Our addiction to the car is collective insanity

I am reliant on my car, like so many others, mostly for the reasons Ruairi Creaney outlines in this thought provoking article. However, I refuse to believe that there must be a more sustainable (and less pollution inducing) future for our transport system. Public transport deserves a much needed cash injection. If prices came down and service improved then more people (including myself) may no longer feel the need to own one of these symbols of capitalist addiction. Very much recommend this article.

Freelance Lefty

Scores Of Travelers Depart For Long Holiday Weekend

Like many other aspects of society under capitalism, the automobile appears to be a standard part of life; something that has been and always will be with us. Learning how to drive and acquiring a car are viewed as obligatory stages of our lives, through which we all must progress in the process of growing up. Almost everyone has a car. Many households even have two or three.

I hate cars, and I always have. However, due to the nature of my job, I am required to own a car, and I hate having to own one. I hate the impact mass car ownership has had on society: motorways clogged with oversized vehicles grinding by at a snail’s pace during “rush hour”; petrolheads driving at reckless speeds endangering their own and others’ safety; ever widening roads encroaching into the countryside; horrendous pollution caused by the expulsion of toxic fumes; countless…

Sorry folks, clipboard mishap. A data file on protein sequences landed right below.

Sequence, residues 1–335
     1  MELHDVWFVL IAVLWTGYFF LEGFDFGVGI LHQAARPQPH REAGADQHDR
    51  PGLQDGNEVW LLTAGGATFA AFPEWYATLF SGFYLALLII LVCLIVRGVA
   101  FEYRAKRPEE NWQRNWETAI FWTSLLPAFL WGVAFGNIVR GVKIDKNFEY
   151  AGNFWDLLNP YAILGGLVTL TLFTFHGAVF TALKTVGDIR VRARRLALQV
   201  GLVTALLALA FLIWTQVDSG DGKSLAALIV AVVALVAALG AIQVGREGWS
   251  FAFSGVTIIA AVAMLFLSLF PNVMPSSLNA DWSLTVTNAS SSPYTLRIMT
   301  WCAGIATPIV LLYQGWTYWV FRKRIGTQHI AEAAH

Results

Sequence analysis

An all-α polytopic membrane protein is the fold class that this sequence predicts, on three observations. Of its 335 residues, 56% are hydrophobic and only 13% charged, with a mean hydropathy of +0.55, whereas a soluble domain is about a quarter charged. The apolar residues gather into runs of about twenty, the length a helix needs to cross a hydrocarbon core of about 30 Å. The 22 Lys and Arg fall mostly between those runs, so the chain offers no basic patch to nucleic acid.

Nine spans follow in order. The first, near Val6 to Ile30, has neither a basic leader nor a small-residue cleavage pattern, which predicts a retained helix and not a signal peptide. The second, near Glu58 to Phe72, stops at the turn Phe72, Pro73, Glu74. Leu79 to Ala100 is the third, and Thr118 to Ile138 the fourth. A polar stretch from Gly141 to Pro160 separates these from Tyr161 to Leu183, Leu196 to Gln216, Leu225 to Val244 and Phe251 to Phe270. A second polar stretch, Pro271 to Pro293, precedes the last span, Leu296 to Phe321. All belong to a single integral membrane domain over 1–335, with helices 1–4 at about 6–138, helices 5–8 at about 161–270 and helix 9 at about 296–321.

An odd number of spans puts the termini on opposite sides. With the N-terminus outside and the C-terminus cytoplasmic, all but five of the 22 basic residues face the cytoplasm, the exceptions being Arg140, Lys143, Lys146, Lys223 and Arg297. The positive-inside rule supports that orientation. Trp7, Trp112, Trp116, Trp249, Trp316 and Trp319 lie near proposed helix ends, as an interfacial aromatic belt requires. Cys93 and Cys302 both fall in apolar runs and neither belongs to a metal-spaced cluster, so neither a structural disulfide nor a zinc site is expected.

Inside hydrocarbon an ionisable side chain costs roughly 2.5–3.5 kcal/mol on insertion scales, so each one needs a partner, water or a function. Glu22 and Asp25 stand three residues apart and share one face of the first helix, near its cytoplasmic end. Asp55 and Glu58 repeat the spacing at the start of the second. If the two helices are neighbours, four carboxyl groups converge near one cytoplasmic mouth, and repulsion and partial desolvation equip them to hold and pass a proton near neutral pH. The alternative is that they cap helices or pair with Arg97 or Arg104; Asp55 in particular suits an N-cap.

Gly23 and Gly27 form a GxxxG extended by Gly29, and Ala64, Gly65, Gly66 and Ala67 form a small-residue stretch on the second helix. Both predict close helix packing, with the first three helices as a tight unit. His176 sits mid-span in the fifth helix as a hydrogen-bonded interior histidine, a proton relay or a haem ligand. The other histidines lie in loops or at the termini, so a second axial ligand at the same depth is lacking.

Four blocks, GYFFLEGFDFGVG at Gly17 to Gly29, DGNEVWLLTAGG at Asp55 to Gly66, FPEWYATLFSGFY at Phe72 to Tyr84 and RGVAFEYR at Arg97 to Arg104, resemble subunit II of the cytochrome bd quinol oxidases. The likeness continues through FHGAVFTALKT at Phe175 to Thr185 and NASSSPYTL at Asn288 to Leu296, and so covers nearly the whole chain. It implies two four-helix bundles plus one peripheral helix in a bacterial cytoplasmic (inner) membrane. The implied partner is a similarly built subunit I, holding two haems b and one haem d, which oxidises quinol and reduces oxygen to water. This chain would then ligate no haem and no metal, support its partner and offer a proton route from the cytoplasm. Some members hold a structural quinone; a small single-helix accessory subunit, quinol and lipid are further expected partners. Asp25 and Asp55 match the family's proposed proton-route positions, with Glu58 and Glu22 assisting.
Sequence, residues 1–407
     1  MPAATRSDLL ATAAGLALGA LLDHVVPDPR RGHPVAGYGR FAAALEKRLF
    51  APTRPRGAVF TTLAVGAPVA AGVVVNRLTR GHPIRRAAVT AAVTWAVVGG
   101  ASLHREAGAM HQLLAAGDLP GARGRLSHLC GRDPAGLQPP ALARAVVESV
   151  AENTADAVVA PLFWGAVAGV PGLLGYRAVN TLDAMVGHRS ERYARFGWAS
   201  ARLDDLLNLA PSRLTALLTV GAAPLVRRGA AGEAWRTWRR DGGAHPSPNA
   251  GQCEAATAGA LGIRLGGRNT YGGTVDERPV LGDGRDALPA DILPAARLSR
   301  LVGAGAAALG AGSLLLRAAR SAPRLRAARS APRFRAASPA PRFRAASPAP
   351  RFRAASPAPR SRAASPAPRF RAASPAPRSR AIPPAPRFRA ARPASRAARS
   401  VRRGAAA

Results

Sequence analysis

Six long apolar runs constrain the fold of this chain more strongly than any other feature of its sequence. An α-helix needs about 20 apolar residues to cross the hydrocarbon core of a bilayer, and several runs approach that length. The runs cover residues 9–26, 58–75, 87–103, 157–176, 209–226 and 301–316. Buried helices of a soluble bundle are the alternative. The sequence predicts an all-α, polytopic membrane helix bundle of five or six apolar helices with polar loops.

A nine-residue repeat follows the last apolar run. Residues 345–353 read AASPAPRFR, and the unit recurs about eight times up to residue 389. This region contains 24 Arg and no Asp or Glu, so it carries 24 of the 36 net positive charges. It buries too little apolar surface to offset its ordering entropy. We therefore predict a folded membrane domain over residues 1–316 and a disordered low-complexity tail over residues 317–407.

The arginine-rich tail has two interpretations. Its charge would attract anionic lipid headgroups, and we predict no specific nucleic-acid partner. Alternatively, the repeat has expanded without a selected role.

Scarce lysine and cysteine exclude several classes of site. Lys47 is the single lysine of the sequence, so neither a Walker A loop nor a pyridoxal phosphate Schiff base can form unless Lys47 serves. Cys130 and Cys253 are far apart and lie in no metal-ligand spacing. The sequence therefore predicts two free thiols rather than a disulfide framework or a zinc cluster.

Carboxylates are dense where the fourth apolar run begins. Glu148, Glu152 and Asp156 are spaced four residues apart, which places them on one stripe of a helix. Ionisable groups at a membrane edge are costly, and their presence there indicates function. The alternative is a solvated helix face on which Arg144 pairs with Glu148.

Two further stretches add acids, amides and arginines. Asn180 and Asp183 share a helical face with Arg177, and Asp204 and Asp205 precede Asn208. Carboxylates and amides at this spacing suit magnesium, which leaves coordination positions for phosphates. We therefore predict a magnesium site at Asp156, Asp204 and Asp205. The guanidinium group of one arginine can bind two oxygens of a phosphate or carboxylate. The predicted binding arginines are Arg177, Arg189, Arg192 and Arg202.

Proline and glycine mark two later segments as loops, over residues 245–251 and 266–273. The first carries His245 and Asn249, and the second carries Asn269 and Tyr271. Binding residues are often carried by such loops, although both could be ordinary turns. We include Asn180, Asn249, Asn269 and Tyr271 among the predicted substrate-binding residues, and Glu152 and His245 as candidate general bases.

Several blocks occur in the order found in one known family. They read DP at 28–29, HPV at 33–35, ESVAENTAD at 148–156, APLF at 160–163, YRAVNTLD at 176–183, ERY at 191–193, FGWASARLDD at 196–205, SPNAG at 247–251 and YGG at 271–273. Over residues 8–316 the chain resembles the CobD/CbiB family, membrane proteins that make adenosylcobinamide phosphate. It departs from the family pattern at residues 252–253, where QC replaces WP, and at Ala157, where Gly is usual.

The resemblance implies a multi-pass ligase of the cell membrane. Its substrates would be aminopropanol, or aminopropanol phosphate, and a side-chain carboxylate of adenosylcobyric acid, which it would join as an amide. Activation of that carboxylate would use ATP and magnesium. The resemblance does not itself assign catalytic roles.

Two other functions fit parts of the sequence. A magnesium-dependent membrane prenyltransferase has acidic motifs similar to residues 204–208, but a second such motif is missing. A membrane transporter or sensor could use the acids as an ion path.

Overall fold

View original post 948 more words

Whatever happened to 1968? Or, in the ‘Age of Climate Change’ where is the student protest?

On Sunday 2nd March around 400 student protesters were arrested after strapping themselves to the White House fence in protest against TransCanada’s proposed Keystone XL oil pipeline that, if passed by Barack Obama, would run from Canada to Texas. The marchers chanted ‘’climate justice now’’ and, whilst determined to have their voices heard, were perfectly … Continue reading Whatever happened to 1968? Or, in the ‘Age of Climate Change’ where is the student protest?